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Microbiology. 2009 Sep;155(Pt 9):3134-41. doi: 10.1099/mic.0.029710-0. Epub 2009 Jun 11.

Transcriptional analysis of the response of Neurospora crassa to phytosphingosine reveals links to mitochondrial function.

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  • 1IBMC - Instituto de Biologia Molecular e Celular, Universidade do Porto, Rua do Campo Alegre 823, 4150-180 Porto, Portugal.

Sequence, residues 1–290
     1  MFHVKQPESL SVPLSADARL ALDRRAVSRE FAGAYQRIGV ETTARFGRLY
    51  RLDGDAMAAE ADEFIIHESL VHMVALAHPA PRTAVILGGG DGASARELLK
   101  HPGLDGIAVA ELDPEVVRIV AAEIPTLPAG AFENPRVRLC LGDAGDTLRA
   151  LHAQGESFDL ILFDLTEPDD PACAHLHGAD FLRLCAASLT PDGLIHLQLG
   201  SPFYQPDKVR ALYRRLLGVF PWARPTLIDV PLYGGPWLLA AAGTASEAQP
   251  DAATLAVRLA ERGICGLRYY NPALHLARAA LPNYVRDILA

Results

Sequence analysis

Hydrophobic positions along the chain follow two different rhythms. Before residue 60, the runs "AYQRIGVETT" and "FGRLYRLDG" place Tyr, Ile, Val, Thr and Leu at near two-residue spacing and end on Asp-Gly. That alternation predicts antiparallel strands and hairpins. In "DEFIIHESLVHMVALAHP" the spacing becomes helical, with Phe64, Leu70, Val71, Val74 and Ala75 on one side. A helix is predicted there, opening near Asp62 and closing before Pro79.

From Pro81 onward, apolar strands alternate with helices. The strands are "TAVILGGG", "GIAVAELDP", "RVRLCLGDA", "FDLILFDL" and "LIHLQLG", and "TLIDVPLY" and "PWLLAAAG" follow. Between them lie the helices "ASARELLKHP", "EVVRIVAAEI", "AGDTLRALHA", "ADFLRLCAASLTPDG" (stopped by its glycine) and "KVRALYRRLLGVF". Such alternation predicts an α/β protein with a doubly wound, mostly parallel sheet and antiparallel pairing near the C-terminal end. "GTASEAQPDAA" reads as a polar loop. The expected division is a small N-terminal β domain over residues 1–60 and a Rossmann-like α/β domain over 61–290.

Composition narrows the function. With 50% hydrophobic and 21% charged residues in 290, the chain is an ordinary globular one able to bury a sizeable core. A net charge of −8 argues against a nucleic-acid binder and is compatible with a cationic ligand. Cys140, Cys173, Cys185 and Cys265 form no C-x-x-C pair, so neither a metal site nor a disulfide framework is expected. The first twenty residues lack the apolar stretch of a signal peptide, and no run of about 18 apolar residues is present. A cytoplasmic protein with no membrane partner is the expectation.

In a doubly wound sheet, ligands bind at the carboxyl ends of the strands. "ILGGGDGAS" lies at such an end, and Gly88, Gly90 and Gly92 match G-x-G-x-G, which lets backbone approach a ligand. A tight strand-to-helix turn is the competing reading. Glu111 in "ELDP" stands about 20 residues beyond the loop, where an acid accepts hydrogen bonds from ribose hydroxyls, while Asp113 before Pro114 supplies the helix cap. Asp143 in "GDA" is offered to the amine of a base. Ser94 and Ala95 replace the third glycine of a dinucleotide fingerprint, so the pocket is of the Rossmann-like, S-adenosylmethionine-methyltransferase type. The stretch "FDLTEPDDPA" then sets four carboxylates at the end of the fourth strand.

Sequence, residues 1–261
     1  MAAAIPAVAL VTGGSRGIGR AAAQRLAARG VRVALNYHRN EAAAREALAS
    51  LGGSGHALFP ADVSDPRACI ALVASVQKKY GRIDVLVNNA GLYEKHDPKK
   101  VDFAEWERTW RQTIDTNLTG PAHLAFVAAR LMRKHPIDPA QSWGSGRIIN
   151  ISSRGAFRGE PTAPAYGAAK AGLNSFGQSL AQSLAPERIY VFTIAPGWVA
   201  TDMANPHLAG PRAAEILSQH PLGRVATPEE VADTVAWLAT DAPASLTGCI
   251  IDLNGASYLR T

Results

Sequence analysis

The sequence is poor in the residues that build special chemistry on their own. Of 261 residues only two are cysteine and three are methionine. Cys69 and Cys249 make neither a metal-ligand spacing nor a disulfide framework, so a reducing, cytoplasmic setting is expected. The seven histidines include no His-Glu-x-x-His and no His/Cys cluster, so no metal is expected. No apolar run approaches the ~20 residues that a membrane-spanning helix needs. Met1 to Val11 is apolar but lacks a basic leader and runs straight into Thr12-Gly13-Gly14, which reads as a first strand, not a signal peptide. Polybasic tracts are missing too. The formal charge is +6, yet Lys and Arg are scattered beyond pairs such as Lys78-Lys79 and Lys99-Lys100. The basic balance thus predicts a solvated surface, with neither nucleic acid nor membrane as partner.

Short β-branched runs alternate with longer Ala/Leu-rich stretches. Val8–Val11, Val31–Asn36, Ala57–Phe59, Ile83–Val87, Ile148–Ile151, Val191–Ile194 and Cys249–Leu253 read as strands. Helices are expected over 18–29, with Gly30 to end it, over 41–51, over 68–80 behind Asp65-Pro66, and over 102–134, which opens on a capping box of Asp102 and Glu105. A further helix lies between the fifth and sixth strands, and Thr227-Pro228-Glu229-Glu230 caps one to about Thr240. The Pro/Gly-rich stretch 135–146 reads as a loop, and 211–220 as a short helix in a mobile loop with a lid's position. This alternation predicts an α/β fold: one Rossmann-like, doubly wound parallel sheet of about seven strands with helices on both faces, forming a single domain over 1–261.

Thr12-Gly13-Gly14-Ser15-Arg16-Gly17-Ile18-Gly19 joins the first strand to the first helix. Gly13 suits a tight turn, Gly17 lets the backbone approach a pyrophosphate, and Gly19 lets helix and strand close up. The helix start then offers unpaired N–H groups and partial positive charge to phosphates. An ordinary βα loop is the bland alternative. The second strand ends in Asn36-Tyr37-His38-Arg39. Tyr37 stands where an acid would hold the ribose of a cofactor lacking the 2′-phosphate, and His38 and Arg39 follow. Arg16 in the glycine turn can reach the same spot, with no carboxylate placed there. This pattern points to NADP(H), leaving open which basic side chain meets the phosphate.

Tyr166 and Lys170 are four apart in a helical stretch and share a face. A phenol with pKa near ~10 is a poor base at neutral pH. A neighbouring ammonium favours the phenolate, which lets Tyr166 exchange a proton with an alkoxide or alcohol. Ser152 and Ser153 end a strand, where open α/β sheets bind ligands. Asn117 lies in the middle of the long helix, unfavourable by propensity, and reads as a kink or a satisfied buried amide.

Treatment of Neurospora crassa cells with phytosphingosine (PHS) induces programmed cell death (PCD) by an unknown mechanism. To determine the relationship between PHS treatment and PCD, we determined changes in global gene expression levels in N. crassa during a time-course of PHS treatment. Most genes having differential expression levels compared to untreated samples showed an increase in relative expression level upon PHS exposure. However, genes encoding mitochondrial proteins were highly enriched among approximately 100 genes that showed a relative decrease in expression levels after PHS treatment, suggesting that repression of these genes might be related to the death-inducing effects of PHS. Since mutants in respiratory chain complex I are more resistant to both PHS and hydrogen peroxide (H(2)O(2)) than the wild-type strain, possibly related to the production of reactive oxygen species, we also compared gene expression profiles of a complex I mutant (nuo14) and wild-type in response to H(2)O(2). Genes with higher expression levels in the mutant, in the presence of H(2)O(2), are also significantly enriched in genes encoding mitochondrial proteins. These data suggest that complex I mutants cope better with drug-induced decrease in expression of genes encoding mitochondrial proteins and may explain their increased resistance to both PHS and H(2)O(2). As a way of identifying new components required for PHS-induced death, we analysed the PHS sensitivity of 24 strains carrying deletions in genes that showed a significant alteration in expression pattern when the wild-type was exposed to the sphingolipid. Two additional mutants showing increased resistance to PHS were identified and both encode predicted mitochondrial proteins, further supporting the role of the mitochondria in PHS-induced PCD.

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